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Why Our Brains Are Programmed to Eat Doughnuts

Why Our Brains Are Programmed to Eat Doughnuts

Researchers have found that sight of donuts (and other foods) activate certain parts of the brain that it hard to resist.

Scientists have discovered that the reason we find it difficult to resist sugary snacks such as donuts, is largely due to our primal instincts to survive.

fmri scan Why Our Brains Are Programmed to Eat Doughnuts

The study found that our brains are programmed to leap into action when presented with the sugary treats.

krispy kreme doughnuts Why Our Brains Are Programmed to Eat DoughnutsResults proved that when hungry volunteers were shown a picture of a Krispy Kreme doughnut or a screwdriver, the sugary snack sent the brain into overdrive. This response was not the same once the participants had eaten up to eight donuts.

Researchers at Northwestern University in Chicago were able to measure the brain activity with the use of functional magnetic resonance imaging (fMRI) brain scans, to determine the reaction from the two photos

After an eating binge, neither image generated much of a reaction. But after volunteers had fasted for eight hours, two distinct parts of the brain “lit up” at the sight of the doughnuts

One part of the brain that showed a dramatic reaction was the limbic brain. This part of the brain is found in all animals from frogs to humans. Dr Marsel Mesulam, senior author of the research published on line in the journal Cerebral Cortex said,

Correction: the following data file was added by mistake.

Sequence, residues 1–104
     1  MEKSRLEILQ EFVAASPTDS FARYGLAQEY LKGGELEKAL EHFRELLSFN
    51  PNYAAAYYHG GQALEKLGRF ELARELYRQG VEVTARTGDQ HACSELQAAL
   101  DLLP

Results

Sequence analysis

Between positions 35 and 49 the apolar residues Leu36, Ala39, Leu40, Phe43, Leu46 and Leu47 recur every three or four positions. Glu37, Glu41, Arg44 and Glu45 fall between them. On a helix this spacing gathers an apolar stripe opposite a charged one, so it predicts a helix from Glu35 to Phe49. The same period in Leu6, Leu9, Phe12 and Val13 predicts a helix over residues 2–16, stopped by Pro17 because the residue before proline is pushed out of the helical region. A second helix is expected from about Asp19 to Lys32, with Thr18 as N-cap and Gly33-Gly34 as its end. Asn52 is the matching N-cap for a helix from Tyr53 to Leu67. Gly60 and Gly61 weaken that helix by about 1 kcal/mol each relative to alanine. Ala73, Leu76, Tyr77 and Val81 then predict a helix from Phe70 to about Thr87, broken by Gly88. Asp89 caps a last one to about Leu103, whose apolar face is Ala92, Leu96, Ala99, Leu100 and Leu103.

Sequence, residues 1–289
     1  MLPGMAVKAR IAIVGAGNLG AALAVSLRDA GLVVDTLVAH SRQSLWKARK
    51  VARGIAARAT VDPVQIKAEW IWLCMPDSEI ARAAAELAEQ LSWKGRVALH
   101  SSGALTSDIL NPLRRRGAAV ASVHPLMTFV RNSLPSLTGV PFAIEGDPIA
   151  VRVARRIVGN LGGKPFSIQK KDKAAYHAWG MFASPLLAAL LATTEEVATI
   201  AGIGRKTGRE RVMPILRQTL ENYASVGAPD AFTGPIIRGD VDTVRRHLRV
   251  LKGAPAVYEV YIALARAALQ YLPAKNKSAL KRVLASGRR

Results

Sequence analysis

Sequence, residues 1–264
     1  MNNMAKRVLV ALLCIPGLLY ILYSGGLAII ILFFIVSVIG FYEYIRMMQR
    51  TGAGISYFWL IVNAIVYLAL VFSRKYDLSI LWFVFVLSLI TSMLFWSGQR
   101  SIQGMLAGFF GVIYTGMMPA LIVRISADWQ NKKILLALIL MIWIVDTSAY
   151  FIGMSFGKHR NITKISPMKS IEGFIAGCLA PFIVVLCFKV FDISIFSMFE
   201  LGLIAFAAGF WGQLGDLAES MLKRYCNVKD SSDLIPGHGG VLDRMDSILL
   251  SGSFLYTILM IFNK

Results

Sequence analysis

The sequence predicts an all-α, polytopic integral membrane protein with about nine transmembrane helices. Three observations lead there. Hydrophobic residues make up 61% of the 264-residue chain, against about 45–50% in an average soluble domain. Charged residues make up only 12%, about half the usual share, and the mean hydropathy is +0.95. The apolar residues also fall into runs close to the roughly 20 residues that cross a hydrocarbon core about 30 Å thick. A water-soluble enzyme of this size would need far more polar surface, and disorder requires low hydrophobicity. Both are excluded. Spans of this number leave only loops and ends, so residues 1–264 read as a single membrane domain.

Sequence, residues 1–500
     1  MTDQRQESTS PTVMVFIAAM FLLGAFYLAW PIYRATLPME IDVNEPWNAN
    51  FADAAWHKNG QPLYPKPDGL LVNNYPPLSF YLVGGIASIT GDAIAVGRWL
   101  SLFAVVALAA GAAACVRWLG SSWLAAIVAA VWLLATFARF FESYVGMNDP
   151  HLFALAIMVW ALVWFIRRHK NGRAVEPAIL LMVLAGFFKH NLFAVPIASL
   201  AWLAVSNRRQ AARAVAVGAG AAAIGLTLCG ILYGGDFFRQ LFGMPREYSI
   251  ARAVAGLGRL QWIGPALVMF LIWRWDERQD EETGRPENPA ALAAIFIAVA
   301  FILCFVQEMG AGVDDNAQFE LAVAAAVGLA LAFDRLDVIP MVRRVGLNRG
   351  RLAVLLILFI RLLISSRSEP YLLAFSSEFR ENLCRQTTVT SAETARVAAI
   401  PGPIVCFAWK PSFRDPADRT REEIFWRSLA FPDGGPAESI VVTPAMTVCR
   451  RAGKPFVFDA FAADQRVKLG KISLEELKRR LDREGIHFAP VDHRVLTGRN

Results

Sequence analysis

“That part of the brain is able to detect what is motivationally significant”¦”¦

“It says, not only am I hungry, but here is food.”

homer simpson doughnut Why Our Brains Are Programmed to Eat DoughnutsAnother part of which also became active was the brain’s spatial attention network, telling us that the donuts were more important than the screwdrivers.

Dr Aprajita Mohanty, another of the scientists, said: “There’s a very complex system in the brain that helps to direct our attention to items in the environment that are relevant to our needs, for example, food when we are hungry but not when we are full.”

The research demonstrated how the brain sifts out all sorts of relevant material, not just doughnuts, from a world full of stimuli.

“If you are in a forest and you hear rustling, the context urges you to pay full attention since this could be a sign of danger,” said Dr Mesulam.

“If you are in your office, the context makes the identical sound less relevant. A major job of the brain is to match response to context.”


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